James Whitcomb Riley Museum Home

James Whitcomb Riley Museum Home This Museum Home is a true preservation, not a restoration, of the Victorian home where James Whitcomb Riley spent the final 23 years of his life.

528 Lockerbie Street is a true preservation of the Victorian home the great Hoosier Poet, James Whitcomb Riley, resided in the last twenty-three years of his life. The James Whitcomb Riley Museum Home opened to the public in 1922, and has been offering a glimpse into the history of James Whitcomb Riley and his Victorian world for the last ninety-nine years. The home features the same furnishings a

528 Lockerbie Street is a true preservation of the Victorian home the great Hoosier Poet, James Whitcomb Riley, resided in the last twenty-three years of his life. The James Whitcomb Riley Museum Home opened to the public in 1922, and has been offering a glimpse into the history of James Whitcomb Riley and his Victorian world for the last ninety-nine years. The home features the same furnishings a

Operating as usual

Preparing for a Thanksgiving feast in the Victorian era would have been just as hectic as it is today. They decorated th...
11/22/2021

Preparing for a Thanksgiving feast in the Victorian era would have been just as hectic as it is today. They decorated their home with natural and seasonal items such as fallen leaves, chrysanthemums, palms, asters, dried grasses, grains, and ferns. The cook would be prepping foods like mincemeat pies, scalloped oysters, stuffing, clams, potatoes, fruits, pumpkin pie, turkey, boiled onions, etc… This meal was a time for family and friends to come together. In Riley’s day, Thanksgiving was a relatively new official holiday. President Lincoln declared Thanksgiving a national holiday in 1863. It had, of course, been celebrated unofficially for many years.

How are you preparing for your gathering?

Advertisement for Thurber & Co. roast turkey from the late 19th century, courtesy of the New York Historical Society.

Preparing for a Thanksgiving feast in the Victorian era would have been just as hectic as it is today. They decorated their home with natural and seasonal items such as fallen leaves, chrysanthemums, palms, asters, dried grasses, grains, and ferns. The cook would be prepping foods like mincemeat pies, scalloped oysters, stuffing, clams, potatoes, fruits, pumpkin pie, turkey, boiled onions, etc… This meal was a time for family and friends to come together. In Riley’s day, Thanksgiving was a relatively new official holiday. President Lincoln declared Thanksgiving a national holiday in 1863. It had, of course, been celebrated unofficially for many years.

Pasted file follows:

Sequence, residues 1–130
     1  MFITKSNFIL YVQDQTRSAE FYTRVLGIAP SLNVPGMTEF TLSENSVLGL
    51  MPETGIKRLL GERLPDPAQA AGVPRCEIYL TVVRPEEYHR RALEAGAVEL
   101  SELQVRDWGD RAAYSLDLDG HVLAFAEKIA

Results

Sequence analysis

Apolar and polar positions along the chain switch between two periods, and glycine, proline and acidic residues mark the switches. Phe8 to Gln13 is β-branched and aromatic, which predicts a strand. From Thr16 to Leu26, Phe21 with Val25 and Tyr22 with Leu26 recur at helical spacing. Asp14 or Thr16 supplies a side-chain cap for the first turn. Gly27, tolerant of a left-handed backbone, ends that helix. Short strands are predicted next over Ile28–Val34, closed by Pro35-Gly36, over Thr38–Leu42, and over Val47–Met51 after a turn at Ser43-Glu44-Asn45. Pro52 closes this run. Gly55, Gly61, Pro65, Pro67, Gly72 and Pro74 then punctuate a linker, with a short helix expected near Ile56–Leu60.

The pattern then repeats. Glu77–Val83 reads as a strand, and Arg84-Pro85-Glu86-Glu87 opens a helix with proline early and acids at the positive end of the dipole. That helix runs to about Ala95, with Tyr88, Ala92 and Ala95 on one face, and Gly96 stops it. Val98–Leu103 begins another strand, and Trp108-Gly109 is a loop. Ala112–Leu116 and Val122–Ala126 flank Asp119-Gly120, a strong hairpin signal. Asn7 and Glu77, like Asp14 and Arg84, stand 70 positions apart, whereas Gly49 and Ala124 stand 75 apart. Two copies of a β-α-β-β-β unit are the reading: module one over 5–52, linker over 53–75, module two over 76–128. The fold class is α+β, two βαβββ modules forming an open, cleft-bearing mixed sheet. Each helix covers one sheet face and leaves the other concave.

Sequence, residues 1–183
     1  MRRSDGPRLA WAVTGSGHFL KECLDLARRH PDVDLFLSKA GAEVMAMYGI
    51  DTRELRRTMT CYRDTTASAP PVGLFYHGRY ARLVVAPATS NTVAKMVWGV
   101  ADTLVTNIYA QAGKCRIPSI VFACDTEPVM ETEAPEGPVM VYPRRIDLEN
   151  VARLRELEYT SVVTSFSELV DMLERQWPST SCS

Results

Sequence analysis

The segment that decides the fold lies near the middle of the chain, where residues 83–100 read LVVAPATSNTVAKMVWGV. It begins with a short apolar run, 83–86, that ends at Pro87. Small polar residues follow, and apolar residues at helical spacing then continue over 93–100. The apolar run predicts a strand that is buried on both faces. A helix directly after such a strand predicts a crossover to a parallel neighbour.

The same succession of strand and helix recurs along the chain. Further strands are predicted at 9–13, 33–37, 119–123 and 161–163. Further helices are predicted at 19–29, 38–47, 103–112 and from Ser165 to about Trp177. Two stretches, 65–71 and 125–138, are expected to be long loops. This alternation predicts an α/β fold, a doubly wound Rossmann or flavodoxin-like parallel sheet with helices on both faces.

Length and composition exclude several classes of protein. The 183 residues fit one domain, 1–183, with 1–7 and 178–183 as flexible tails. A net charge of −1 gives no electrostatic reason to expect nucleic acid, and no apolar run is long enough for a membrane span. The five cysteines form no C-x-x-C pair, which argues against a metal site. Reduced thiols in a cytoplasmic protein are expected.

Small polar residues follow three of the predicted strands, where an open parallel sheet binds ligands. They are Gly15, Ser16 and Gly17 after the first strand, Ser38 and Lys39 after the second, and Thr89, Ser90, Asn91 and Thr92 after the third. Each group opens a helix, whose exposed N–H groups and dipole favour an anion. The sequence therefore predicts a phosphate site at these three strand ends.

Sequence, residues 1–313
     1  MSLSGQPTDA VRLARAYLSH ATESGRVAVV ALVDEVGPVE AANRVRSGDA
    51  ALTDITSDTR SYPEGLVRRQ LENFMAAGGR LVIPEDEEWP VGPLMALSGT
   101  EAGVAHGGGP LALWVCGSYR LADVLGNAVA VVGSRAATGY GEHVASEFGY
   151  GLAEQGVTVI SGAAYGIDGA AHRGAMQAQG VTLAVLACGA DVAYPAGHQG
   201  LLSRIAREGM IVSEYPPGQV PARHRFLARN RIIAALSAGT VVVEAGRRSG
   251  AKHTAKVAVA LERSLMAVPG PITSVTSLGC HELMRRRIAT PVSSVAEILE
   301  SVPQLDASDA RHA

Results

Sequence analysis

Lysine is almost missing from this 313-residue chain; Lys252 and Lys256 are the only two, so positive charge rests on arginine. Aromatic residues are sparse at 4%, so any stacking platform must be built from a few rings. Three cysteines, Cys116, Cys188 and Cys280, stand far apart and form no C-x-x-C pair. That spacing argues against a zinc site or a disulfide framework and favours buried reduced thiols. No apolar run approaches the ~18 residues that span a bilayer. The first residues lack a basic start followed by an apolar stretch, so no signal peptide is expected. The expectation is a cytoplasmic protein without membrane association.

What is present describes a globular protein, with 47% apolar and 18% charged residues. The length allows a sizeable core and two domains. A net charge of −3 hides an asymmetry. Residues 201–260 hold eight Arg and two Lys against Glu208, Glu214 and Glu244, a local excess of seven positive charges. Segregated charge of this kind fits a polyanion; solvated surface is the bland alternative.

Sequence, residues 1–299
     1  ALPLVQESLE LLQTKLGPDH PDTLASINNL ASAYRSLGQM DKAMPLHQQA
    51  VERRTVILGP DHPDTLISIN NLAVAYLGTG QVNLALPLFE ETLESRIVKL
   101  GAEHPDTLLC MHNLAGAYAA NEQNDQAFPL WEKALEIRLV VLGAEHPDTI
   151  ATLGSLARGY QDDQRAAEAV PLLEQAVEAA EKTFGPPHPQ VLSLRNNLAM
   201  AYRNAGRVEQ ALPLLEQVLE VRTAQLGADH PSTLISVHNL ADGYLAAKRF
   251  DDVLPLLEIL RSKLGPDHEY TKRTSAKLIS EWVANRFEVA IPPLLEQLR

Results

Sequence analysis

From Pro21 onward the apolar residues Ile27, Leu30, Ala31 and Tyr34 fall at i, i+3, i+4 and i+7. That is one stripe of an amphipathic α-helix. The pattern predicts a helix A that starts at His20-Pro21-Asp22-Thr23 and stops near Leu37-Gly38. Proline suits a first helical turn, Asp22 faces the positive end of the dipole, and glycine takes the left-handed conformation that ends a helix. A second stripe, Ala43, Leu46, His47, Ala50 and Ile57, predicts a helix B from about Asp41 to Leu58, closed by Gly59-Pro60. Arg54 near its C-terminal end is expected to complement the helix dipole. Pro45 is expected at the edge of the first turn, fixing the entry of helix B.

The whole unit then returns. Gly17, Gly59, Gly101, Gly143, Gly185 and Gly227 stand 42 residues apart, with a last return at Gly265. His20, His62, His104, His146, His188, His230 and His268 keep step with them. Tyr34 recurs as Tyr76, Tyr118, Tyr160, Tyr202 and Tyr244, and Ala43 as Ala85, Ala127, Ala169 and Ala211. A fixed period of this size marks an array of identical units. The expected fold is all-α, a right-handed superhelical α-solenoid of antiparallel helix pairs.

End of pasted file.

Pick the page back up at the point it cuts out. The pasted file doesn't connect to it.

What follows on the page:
How are you preparing for your gathering?

Advertisement for Thurber & Co. roast turkey from the late 19th century, courtesy of the New York Historical Society.

Today is National Toilet Day. In 1872, the Nickums had one of the first five toilets installed in the city. The base is ...
11/19/2021

Today is National Toilet Day. In 1872, the Nickums had one of the first five toilets installed in the city. The base is marble, the bowl porcelain, and they even added a crystal pull as the final touch. No more chamber pots or outhouses for this family. Almost 150 years later, the bathroom still looks ready for company.

Today is National Toilet Day. In 1872, the Nickums had one of the first five toilets installed in the city. The base is marble, the bowl porcelain, and they even added a crystal pull as the final touch. No more chamber pots or outhouses for this family. Almost 150 years later, the bathroom still looks ready for company.

Don't forget to join us on December 4th for our Holiday Open House. Walk through the Home for free and hear Christmas Ca...
11/19/2021

Don't forget to join us on December 4th for our Holiday Open House. Walk through the Home for free and hear Christmas Carols played on our 115 year old piano!

Follow the link below to make your reservation today!

https://jwrhomeholiday.eventbrite.com

Don't forget to join us on December 4th for our Holiday Open House. Walk through the Home for free and hear Christmas Carols played on our 115 year old piano!

Follow the link below to make your reservation today!

https://jwrhomeholiday.eventbrite.com

Today is National Take a Hike Day. We can celebrate this day by getting outside and appreciating the changing colors of ...
11/17/2021

Today is National Take a Hike Day. We can celebrate this day by getting outside and appreciating the changing colors of the leaves. Please enjoy this picturesque poem.

A Dream of Autumn

Mellow hazes, lowly trailing
Over wood and meadow, veiling
Somber skies, with wild fowl sailing
Sailor-like to foreign lands;
And the north-wind overleaping
Summer's brink, and floodlike sweeping